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Strong post-COVID recovery beckons for the world

The Organisation for Economic Co-operation and Development’s revised estimate for the global economy to grow at 5.8 per cent, compared with the 4.2 per cent it had predicted in December, is good news for countries at the forefront of the battle against the coronavirus pandemic — but a lot of work lies ahead for them.

The OECD figures are a great indicator that the world is recovering faster than expected from the pandemic, and coincides with two other significant assessments that came out last week.

The UN’s International Labour Organisation (ILO) noted that the pandemic has pushed more than 100 million more workers into poverty, cautioning that employment was not expected to bounce back to pre-pandemic levels until 2023. And an AFP tally estimated that more than two billion Covid-19 vaccines have been given across the world — a milestone reached six months after the first vaccination campaigns began.

While acknowledging that prospects for the world economy had brightened, the OECD also warned that growth would not be shared evenly. According to OECD, stimulus measures and swift vaccine rollouts across countries will be pivotal to global economic recovery in the coming months — with slow vaccine distribution in many developing countries threatening to blight their economic progress.

The OECD forecast reflects the key role that vaccination plays in supporting post-pandemic economic recovery — a strategy that the UAE was one of the earliest to adopt globally.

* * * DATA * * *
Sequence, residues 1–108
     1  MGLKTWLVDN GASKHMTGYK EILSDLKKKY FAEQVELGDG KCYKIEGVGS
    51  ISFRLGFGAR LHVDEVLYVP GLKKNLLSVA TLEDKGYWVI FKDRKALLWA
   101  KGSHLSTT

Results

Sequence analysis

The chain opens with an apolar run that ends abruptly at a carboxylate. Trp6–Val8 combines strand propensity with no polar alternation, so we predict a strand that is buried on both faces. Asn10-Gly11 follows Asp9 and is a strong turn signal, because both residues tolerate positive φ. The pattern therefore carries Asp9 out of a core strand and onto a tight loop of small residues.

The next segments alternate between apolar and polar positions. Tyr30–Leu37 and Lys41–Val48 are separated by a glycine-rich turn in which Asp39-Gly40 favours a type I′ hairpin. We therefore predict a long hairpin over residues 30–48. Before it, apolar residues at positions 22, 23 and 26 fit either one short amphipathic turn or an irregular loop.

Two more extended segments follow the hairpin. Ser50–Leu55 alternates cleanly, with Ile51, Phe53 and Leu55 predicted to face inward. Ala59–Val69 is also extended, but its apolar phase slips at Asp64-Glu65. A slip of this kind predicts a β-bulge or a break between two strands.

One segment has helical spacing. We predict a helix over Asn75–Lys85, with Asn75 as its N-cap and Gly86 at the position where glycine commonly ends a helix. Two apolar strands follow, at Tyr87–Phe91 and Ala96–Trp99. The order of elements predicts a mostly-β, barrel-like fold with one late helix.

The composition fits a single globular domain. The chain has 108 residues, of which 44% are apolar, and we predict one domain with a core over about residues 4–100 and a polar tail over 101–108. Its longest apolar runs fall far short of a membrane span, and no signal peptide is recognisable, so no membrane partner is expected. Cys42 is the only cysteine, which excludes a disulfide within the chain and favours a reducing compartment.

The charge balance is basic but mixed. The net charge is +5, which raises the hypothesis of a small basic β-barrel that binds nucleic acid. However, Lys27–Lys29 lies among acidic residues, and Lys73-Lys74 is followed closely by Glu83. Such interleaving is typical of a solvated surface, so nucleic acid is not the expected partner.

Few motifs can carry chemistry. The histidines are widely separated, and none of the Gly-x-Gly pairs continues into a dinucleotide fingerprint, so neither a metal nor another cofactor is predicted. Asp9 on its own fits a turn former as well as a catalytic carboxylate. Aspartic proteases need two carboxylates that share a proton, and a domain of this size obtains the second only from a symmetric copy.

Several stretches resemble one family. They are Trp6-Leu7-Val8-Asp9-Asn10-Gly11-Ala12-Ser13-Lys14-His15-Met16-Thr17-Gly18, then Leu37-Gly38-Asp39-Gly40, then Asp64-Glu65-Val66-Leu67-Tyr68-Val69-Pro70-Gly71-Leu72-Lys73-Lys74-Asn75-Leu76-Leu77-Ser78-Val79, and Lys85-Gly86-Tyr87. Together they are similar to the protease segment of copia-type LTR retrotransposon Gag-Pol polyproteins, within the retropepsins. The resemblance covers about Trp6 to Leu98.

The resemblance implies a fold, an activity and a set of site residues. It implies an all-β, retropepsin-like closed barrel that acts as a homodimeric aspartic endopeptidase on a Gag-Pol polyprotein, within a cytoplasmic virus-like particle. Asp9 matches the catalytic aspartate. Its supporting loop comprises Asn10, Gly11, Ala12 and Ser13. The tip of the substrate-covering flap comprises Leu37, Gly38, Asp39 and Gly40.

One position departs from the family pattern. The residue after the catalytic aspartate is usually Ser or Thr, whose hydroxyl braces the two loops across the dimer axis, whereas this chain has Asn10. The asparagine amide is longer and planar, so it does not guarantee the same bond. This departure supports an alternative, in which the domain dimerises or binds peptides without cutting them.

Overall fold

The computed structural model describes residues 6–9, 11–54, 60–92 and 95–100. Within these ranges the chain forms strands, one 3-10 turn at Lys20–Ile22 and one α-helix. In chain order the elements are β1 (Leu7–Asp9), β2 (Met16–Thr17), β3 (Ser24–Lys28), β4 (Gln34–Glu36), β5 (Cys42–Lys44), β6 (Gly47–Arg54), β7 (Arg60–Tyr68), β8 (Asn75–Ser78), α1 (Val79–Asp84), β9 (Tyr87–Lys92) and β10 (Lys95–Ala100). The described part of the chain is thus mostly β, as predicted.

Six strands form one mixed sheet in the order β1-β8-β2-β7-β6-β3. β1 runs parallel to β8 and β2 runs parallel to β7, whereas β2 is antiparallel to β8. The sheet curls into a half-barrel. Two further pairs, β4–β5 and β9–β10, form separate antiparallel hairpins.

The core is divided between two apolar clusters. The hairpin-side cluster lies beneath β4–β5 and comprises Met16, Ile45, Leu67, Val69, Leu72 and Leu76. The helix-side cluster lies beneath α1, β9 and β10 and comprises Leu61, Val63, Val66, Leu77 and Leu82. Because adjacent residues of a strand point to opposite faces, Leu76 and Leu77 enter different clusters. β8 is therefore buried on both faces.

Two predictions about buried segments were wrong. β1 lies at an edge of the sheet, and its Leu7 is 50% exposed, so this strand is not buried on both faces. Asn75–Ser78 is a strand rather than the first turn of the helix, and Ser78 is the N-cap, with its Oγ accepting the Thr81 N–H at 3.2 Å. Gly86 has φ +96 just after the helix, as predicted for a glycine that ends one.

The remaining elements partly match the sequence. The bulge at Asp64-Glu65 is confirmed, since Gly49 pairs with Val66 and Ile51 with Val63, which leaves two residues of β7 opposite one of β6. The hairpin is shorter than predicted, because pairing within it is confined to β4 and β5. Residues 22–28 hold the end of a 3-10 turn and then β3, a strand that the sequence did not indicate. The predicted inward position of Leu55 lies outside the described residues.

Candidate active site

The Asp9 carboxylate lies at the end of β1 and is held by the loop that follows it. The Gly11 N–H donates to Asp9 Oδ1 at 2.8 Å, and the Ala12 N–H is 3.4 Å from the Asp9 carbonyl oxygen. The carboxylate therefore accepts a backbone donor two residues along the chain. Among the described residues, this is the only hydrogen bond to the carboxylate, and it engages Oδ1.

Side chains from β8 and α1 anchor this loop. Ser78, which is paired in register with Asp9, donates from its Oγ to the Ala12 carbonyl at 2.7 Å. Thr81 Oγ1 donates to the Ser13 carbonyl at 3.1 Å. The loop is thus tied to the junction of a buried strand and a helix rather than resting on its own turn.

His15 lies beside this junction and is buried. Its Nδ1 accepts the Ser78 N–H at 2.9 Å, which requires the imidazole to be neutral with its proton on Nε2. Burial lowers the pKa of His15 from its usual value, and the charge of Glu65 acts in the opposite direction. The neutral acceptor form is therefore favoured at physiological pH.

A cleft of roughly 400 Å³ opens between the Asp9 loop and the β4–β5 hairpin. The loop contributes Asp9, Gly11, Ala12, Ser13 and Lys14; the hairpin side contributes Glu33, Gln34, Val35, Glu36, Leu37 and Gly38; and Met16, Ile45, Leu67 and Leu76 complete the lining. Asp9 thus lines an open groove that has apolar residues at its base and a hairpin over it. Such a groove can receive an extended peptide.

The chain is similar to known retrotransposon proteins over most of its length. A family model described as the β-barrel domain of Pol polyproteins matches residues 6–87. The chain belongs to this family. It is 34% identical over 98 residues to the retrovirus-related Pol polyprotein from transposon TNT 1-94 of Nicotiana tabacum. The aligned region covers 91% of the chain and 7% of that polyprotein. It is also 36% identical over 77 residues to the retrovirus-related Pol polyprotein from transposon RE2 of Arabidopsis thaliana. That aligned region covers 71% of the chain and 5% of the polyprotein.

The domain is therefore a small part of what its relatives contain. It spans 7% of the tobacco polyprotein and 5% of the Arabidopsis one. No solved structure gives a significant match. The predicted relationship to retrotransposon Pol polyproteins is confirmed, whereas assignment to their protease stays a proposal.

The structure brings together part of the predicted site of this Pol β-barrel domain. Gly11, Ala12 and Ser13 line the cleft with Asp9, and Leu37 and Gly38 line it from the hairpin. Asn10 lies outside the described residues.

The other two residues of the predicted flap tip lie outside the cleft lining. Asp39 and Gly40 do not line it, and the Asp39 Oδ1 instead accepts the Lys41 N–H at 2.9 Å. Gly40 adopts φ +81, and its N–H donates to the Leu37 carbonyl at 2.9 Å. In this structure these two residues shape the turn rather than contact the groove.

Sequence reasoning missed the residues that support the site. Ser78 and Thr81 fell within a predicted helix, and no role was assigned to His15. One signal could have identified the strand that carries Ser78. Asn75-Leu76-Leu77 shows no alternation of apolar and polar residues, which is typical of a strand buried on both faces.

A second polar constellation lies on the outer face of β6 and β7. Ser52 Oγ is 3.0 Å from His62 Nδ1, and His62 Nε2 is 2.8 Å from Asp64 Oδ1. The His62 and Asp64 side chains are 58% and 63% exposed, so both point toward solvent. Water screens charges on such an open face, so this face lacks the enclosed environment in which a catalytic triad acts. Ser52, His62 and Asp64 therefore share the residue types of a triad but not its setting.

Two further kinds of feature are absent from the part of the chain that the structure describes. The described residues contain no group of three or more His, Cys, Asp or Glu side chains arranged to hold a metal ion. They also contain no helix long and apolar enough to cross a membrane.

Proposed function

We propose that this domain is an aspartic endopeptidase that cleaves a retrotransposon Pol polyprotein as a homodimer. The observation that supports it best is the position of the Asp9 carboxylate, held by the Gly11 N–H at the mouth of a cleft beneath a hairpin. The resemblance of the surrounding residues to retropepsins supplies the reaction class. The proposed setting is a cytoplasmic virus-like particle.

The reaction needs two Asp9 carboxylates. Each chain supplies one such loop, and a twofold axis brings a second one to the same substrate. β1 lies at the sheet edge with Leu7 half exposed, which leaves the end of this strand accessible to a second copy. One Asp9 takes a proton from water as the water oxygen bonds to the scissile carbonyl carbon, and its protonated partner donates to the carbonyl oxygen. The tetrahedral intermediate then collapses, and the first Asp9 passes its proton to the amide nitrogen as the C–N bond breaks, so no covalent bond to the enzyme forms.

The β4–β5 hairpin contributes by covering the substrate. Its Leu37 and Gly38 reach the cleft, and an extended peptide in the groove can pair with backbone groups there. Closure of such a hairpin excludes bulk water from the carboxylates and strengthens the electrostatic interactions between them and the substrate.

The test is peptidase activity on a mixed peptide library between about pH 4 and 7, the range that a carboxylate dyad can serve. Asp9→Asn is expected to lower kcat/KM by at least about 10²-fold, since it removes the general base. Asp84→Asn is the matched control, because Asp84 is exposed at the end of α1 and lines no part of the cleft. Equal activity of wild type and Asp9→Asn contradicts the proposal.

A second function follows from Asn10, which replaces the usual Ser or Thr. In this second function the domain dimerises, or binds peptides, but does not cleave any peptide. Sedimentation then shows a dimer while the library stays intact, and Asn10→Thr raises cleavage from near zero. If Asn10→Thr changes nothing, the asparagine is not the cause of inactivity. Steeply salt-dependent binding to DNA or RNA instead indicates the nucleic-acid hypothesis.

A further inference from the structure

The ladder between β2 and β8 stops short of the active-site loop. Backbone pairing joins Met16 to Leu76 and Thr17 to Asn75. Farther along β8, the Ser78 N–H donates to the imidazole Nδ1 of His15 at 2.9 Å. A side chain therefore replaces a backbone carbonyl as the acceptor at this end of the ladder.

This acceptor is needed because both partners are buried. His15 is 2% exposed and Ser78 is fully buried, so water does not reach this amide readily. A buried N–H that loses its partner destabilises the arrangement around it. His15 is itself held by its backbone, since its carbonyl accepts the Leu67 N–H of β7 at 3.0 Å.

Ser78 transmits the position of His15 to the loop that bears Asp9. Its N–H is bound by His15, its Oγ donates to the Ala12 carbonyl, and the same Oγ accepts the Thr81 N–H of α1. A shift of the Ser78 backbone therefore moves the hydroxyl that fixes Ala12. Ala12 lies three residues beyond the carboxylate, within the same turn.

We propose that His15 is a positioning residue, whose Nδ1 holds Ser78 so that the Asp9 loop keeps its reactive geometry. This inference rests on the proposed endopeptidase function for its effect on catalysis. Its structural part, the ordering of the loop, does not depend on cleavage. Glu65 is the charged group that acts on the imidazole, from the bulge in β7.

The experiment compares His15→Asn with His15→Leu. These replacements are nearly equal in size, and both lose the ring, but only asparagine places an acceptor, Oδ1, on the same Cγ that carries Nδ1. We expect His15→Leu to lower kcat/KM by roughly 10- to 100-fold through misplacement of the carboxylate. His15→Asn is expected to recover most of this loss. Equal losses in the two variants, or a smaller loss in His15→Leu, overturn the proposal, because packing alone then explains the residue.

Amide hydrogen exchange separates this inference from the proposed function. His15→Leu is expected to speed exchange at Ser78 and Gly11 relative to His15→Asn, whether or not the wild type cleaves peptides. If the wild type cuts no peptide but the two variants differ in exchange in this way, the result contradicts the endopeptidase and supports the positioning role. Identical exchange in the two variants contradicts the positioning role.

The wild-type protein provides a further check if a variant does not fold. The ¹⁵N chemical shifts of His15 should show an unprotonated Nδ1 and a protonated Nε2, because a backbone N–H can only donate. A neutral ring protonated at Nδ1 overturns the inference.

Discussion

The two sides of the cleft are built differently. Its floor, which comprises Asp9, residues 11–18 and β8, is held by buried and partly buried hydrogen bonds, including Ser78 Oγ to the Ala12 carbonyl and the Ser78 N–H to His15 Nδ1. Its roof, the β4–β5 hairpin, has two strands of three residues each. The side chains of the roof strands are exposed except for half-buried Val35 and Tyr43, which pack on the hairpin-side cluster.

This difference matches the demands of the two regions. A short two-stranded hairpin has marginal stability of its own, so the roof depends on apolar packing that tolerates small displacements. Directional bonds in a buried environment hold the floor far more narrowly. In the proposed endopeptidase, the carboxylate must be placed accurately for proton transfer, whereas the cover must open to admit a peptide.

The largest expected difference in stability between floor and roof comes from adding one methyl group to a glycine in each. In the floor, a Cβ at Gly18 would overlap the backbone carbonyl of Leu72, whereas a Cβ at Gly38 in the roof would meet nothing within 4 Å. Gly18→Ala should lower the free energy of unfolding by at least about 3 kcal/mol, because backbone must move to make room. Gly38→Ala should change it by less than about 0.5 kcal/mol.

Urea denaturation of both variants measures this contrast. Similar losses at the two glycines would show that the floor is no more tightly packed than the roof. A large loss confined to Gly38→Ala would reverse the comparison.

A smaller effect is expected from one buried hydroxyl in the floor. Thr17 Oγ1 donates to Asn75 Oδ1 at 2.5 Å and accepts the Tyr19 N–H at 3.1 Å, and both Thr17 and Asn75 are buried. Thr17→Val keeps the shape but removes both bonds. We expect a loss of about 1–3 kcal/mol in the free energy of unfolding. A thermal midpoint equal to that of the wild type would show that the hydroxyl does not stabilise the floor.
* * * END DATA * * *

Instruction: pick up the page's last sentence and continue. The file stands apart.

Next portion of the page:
The UAE’s wide bouquet of vaccines for its citizens and residents in a fast-moving programme, proactive handling of health protocols and a raft of economic reforms and stimulus adopted since the beginning of the pandemic have been the key factors why its economy is on track for a swift recovery. The UAE Central Bank estimates a 2.5 per cent growth in real GDP in 2021, with a 3.6 per cent growth in non-oil real GDP.

At the same time, the UAE has also been helping out other communities hit by the pandemic — sending millions of Covid-19 vaccine doses to more than 26 countries under several humanitarian initiatives.

This pandemic playbook needs to be adopted by other countries around the world as one of the most effective array of measures to curb the virus. In addition, the production and equitable distribution of vaccines globally must be stepped up immediately — and the US decision to share its surplus of 80 million vaccines with the COVAX alliance is a good start.

It is only with the collective collaboration of countries and the effective rollout of vaccination programmes everywhere that the global economic outlook can become even more promising and sustainable for everyone.